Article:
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Homework answers / question archive / Spring 2021, Tocoian PROBLEM SET 6 (2 problems, 4 points each → 8 points total) 1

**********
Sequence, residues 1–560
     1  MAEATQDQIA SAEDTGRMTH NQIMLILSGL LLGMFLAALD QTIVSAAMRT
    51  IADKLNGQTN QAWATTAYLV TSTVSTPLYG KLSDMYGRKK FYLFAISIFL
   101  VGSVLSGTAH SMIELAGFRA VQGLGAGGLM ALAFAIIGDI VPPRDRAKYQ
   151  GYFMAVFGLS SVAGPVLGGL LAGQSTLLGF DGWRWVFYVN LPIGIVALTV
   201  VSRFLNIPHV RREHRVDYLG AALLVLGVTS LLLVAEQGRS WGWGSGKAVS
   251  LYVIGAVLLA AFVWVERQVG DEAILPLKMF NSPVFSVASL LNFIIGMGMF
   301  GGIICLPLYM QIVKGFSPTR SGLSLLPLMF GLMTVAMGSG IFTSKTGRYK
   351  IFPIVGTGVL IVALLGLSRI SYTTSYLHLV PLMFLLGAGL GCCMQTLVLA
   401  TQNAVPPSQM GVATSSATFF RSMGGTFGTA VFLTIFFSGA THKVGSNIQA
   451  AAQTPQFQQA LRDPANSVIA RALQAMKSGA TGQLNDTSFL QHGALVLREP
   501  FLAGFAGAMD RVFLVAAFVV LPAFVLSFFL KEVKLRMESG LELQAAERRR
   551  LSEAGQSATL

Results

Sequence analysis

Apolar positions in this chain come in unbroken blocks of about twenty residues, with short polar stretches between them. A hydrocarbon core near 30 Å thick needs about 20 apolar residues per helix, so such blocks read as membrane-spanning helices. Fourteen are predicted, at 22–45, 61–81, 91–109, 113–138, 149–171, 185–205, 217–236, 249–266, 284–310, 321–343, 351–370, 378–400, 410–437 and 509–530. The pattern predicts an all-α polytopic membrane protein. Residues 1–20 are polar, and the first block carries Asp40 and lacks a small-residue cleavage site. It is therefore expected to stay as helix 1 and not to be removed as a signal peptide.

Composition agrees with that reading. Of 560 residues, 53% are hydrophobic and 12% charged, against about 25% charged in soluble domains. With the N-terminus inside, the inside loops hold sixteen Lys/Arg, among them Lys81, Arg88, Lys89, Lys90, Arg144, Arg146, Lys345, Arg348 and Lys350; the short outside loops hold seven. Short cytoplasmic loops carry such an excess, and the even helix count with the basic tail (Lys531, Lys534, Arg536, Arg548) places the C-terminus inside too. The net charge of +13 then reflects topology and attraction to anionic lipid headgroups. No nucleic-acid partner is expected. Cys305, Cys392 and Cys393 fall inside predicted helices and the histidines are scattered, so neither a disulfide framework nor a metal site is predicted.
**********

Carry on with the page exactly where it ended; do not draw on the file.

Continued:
Spring 2021, Tocoian PROBLEM SET 6 (2 problems, 4 points each → 8 points total) 1. Recall Abby from question 2 in Problem Set 5, whose utility function was ?(?, ?) = 10? 2 √?. (You can use the solutions from that problem set, if useful.) Suppose she has income ? = 500 and is facing prices ?? = 10 and ?? = 80 a) How much of each good does Abby consume at these initial prices? What if the price of good x increases to ??′ = 30? Draw an optimal choice x-y diagram showing the initial and final budget line and the chosen consumption bundles. b) If it is discovered that the reason for the increase in the price of good x was illegal collusion by the producers in that market, Abby might be entitled to compensation. Discuss and calculate the different ways this amount might be computed - Naïve method (assuming no substitution) - Compensating variation - Equivalent variation - Consumer surplus (you don’t have to find the numerical value for this case – but show clearly how you would do so) 2. Now consider Bobby, whose utility function is ?(?, ?) = √? + 2? (also from PS 5) Assuming the same initial parameters and price increase as for Abby (? = 500; ?? = 10 and ?? = 80; ??′ = 30), find: a) The quantities purchased in each of the two months b) Compensating variation c) Equivalent variation d) Draw an x-y graph that allows us to identify these variables (i.e. show the original and new consumption point, as well as the hypothetical bundles we call “B” and “D” in the lecture notes) As optional exercises (don’t turn in), you can redo problem 2, for other utility functions, such as: - ?(?, ?) = ? + 3? - ?(?, ?) = 6√? + 3? - ?(?, ?) = 2√min(?, 3?) - ?(?, ?) = √? + 3√? - ?(?, ?) = ? + 3√? - ?(?, ?) = ? + 3? 2 1 Spring 2021, Tocoian PROBLEM SET 5 There are 4 problems, each worth 3 points → 12 points total. 1. a) If x and y are both normal goods, indicate the likely sign of each term in the table below by entering a “+” or “−“ sign. Some of the cells are already filled out. substitutes Δ? ? ?? ↑ (Δ?? > 0) ?? ↓ (Δ?? < 0) − Δ? ? Δ? ∗ Δ? ∗ −? ( ) Δ?? Δ?? Δ? − − Δ? ∗ − Δ? ? Δ? ? Δ?? + + − −? ( Δ? ∗ Δ? ∗ ) Δ?? Δ? − Δ? ∗ complements Δ? ∗ Δ?? + Δ? ∗ − − b) Do the same below, this time if ? is an inferior good (ignore the Giffen goods case, for simplicity) substitutes Δ? ? Δ? ? Δ? ∗ Δ? ∗ −? ( ) Δ?? Δ?? Δ? Δ? ∗ Δ? ? Δ? ? Δ?? −? ( Δ? ∗ Δ? ∗ ) Δ?? Δ? Δ? ∗ complements Δ? ∗ Δ?? Δ? ∗ ?? ↑ (Δ?? > 0) ?? ↓ (Δ?? < 0) c) What if ? is an inferior good? substitutes? Δ? ? Δ? ? Δ? ∗ Δ? ∗ −? ( ) Δ?? Δ?? Δ? Δ? ∗ Δ? ? ?? ↑ (Δ?? > 0) ?? ↓ (Δ?? < 0) 1 Δ? ? Δ?? −? ( Δ? ∗ Δ? ∗ ) Δ?? Δ? Δ? ∗ complements? Δ? ∗ Δ?? Δ? ∗ Spring 2021, Tocoian 2. Consider a consumer (Abby), whose preferences are described by utility ?(?, ?) = 10? 2 √? a) Solve the utility maximization problem to find the ordinary demand functions and the indirect utility function. How much of the budget is spent on each good? b) Solve the expenditure minimization problem to find the compensated demand functions ? ? (?? , ?? , ?) and ? ? (?? , ?? , ?). c) Show that the elasticities-based Slutsky equation holds for good x, in both the own-price and the cross-price formulations: ??,?? = ?? ?,?? − ?? ??,? ??,?? = ?? ?,?? − ?? ??,? where ?? is the share of the budget spent on x, and ?? is the share spent on y. 3. Another consumer (Bobby) has utility ?(?, ?) = √? + 2? (you also saw this function in PS 4) a) Look up the ordinary (“Marshallian”) demand functions you found in Problem Set 4 (Q6), then solve the expenditure minimization problem to find the compensated (“Hicksian”) demand functions as well. b) At this part, you can assume that both goods are being consumed. Show that the own-price Slutsky equation holds for good y, by using the calculus-based formula ?? ∗ ??? ?? ? = ?? − ? ? ?? ∗ ?? ) 4. Suppose Cory has utility ? = √? + √?, and is facing prices ?? = 100, ?? = 300. a) Solve for the compensated demand functions ? ? (?? , ?? , ?) and ? ? (?? , ?? , ?). (Remember to check first for monotonicity and convexity.) b) Find the expenditure function ?(?? , ?? , ?) and check whether it increases (and by how much) if both prices increase by 40%. If only the price of good x increases by 40%, while the price of y remains unchanged, by what percentage does expenditure increase in order to remain at the same utility level? c) It turns out that initially the consumer was spending ¾ of the budget on good x and ¼ on good y (you should verify this by solving the utility maximization problem, but don’t need to turn that in). If we had assumed that the bundle consumed doesn’t change, by how much would we think the consumer’s income has to increase, in order to compensate them for the increase in price? 2

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